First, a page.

Who can forget the SEC’s 2005 attempt to force hedge funds to register themselves as investment advisers? Regulatory antagonist and hedge fund manager Phil Goldstein’s challenge of the SEC’s “hedge fund rule” eventually led to it being vacated by the courts. Nonetheless, around half of US hedge funds remain SEC registered to this day (mainly because of the marketing imprimatur that accompanies such registration).
SEC-registered hedge funds may want to take note of another recent SEC ruling – this one pertaining to what the Commission calls the “brochure”, a questionnaire containing details on the investment adviser that is required to be hand to clients before they invest with the adviser. It appears the typical brochure is a little cryptic for clients to understand. In an effort to improve transparency, the SEC recently ruled that it must adhere to the Commission’s “Plain English Handbook“. This bulletin from law firm Akin Gump Strauss Hauer & Feld LLP describes the change in, well, plain English. (Hat tip: Opalesque).
As the SEC writes in its “Plain English Handbook“,
“While your audience will include analysts and other industry experts, you may want to keep in mind that your least sophisticated investors have the greatest need for a disclosure document they can understand.”
The SEC’s amendment (downloadable here) comes into effect on October 12, 2010. But before hedge funds go out and hire a professional editor to translate their brochures from legalese to plain English, they will want to take note of the following…
Goldstein’s court challenge of the SEC’s hedge fund rule was predicated on the definition of “client.” The courts ultimately agreed with him that a hedge fund manager owed their fiduciary responsibility to the hedge fund itself, not to the end investors in hat fund. As a result, the fund qualified as only “one” client, not many. This meant that most hedge fund managers had only a few clients and were therefore exempt from registration. (read the ruling itself)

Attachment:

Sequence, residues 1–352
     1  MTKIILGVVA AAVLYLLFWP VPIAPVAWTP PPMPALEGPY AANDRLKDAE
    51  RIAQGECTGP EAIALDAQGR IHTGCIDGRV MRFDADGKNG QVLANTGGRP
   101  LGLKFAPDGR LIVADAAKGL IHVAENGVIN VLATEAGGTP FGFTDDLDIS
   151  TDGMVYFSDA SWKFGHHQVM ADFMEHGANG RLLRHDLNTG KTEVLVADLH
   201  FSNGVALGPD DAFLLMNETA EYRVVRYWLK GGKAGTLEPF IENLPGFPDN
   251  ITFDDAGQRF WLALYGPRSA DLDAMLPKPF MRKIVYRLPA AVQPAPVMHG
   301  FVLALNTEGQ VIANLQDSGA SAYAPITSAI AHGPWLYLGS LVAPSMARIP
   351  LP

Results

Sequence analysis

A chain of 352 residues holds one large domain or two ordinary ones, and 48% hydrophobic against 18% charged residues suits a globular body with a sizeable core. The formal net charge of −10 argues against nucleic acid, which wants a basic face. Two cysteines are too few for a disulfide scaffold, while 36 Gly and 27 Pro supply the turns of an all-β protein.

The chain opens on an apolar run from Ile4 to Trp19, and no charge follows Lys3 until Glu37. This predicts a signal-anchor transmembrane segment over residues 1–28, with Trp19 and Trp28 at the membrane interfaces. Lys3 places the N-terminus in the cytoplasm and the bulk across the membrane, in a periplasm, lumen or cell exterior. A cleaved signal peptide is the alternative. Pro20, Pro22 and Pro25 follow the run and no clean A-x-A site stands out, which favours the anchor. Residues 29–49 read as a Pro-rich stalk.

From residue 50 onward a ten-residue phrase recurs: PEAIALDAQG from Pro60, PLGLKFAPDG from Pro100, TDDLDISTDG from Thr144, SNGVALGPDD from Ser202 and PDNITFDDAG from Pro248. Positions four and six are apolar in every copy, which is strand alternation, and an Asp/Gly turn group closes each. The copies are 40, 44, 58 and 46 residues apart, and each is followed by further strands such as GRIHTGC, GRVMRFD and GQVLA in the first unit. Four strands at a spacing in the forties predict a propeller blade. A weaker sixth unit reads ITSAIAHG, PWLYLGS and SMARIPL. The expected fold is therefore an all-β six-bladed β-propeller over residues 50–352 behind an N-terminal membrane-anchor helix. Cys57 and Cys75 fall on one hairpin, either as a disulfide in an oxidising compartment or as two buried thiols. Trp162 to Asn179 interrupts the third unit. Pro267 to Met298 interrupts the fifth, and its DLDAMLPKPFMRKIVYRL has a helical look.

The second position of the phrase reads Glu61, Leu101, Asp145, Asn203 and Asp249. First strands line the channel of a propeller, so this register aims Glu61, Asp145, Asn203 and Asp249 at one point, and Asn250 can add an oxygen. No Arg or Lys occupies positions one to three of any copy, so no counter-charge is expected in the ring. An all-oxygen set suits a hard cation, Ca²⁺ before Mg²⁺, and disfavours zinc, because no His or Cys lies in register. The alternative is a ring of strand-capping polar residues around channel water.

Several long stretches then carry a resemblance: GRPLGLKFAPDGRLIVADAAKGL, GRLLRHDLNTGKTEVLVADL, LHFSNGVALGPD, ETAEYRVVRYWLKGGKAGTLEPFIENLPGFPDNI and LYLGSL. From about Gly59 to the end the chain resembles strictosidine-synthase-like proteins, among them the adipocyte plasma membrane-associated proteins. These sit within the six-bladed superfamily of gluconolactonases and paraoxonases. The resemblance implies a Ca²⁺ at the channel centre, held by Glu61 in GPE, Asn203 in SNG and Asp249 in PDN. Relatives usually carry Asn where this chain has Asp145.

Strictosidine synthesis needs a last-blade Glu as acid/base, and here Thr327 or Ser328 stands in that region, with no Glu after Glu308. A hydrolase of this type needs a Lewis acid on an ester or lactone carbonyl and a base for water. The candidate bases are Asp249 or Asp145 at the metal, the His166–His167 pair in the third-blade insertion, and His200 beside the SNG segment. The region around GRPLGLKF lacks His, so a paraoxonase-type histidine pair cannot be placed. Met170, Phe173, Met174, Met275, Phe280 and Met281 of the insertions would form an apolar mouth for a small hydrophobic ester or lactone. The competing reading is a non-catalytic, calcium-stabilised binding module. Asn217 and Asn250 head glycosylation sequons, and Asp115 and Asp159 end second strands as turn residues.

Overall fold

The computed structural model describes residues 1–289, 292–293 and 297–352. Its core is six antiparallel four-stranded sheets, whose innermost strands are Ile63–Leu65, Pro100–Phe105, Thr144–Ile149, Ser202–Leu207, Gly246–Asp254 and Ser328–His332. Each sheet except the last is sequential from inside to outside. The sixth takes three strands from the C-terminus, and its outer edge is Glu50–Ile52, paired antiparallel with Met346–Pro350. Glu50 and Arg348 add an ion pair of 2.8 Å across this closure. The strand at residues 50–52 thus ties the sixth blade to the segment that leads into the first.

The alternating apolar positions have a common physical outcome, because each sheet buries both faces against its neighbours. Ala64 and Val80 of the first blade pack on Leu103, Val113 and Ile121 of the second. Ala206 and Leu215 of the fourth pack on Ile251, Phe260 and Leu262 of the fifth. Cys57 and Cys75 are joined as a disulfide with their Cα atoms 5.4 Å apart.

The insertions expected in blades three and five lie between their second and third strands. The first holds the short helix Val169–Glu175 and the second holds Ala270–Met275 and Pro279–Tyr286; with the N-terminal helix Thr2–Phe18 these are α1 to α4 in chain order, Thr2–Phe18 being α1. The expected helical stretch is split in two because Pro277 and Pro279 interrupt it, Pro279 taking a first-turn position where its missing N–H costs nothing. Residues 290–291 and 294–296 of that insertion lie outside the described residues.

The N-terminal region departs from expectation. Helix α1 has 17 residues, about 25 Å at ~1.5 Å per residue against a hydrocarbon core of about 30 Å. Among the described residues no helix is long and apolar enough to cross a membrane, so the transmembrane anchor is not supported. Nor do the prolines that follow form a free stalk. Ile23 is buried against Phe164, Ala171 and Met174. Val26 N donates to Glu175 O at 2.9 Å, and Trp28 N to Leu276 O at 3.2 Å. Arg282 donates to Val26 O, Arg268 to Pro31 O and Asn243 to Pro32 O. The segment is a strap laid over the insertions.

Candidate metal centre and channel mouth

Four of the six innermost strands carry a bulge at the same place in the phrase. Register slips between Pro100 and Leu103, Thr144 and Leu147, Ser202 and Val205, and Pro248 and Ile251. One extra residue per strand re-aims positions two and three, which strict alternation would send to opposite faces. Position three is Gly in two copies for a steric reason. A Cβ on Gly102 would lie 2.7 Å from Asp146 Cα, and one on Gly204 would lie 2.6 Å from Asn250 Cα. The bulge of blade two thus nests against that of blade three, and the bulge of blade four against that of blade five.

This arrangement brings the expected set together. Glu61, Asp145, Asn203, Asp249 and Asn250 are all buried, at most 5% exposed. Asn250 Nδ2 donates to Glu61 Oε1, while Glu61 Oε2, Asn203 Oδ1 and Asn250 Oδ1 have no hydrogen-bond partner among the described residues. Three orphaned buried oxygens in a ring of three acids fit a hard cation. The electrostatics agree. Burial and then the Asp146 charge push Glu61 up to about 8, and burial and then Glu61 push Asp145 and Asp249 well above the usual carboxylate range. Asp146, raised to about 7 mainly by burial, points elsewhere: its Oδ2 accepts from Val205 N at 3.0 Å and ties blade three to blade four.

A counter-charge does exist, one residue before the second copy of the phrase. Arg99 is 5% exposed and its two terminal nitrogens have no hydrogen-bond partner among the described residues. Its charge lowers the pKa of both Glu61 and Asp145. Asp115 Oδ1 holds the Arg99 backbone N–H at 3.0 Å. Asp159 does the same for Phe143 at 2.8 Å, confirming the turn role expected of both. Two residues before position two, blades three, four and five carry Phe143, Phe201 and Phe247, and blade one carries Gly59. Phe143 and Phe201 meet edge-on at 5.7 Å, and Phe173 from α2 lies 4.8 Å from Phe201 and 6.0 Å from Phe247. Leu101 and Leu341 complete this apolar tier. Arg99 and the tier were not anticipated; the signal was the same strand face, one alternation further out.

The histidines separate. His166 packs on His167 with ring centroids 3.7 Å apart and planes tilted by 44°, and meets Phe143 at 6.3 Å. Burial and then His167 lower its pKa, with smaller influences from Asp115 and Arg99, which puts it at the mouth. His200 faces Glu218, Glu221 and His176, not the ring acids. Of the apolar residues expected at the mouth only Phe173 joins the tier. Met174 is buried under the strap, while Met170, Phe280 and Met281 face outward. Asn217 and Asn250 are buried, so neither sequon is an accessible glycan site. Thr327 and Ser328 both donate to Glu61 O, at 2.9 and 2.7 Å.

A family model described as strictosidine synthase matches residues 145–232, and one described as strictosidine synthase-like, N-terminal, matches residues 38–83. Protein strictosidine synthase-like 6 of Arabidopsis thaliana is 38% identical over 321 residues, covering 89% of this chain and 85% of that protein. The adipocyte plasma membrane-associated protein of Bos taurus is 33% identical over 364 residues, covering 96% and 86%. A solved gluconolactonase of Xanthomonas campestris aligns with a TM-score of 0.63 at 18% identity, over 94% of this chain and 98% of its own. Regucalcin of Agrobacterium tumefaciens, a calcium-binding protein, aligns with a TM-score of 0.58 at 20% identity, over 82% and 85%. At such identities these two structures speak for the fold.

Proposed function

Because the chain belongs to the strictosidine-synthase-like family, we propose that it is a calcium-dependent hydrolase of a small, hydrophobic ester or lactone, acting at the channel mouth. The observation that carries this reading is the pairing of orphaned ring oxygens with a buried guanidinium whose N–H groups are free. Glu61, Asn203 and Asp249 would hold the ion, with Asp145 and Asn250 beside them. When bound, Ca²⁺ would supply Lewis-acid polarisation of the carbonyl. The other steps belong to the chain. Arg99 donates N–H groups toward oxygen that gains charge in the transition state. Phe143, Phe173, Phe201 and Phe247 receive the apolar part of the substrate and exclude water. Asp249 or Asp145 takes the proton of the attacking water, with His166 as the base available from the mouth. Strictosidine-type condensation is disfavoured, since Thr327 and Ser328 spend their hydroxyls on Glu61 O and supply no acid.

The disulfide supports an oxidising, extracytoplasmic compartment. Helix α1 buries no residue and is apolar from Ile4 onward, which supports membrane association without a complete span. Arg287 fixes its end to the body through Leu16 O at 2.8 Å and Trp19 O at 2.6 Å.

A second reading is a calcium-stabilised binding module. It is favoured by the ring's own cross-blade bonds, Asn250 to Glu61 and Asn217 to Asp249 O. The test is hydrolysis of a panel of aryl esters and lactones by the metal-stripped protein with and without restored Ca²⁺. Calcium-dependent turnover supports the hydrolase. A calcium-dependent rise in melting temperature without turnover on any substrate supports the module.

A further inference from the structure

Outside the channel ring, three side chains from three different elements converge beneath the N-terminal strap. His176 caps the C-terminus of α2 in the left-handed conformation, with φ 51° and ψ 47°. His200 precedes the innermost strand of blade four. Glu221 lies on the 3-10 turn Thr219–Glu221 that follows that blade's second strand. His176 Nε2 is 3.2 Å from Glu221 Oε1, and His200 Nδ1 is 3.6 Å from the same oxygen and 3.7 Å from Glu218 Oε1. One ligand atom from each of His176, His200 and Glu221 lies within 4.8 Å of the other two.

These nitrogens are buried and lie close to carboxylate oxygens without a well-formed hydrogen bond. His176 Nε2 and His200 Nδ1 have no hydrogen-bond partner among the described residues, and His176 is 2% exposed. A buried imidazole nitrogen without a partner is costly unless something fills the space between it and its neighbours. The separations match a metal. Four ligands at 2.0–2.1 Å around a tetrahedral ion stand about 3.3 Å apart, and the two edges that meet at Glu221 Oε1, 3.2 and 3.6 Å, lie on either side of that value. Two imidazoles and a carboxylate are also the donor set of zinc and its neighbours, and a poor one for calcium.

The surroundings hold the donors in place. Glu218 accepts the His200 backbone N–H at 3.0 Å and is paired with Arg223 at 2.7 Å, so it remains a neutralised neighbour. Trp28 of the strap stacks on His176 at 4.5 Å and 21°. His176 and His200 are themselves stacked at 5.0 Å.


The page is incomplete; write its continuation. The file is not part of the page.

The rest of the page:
Although pending legislation promises to close this loophole, it means that currently, hedge funds still don’t have to treat end investors as clients. Since the SEC’s brochure is meant for “clients” only, this means that hedge fund managers need to provide this information only to the hedge fund itself.
So who will be the audience for these plain English prose? As the SEC’s recent ruling says in a footnote (#192):
“Two commenters urged us to adopt an exception for “hedge funds,” or clarify that advisers to hedge funds are not required to deliver copies of brochures to their investors…We note that rule 204-3 requires only that brochures be delivered to “clients.” We further note that the Court of Appeals for the D.C. Circuit stated that the “client” of an investment adviser managing a hedge fund is the fund itself, not an investor in the fund.”
If your “least sophisticated investor” is a hedge fund, your version of plain English will probably not be the same as that of, say, USA Today.
But as advocates of plain English, we urge hedge funds to read the SEC’s tutorial on the topic. After all, writes Akin Gump Strauss Hauer & Feld,
“…fund advisers are not required to deliver the Brochure to prospective fund investors. We note, however, that as a matter of practice, many fund advisers choose to do so.”
By allowing end investor communication to be voluntary, the hedge fund manager is free to continue to use the unclear, jargon-laden prose that is synonymous with hedge fund investing.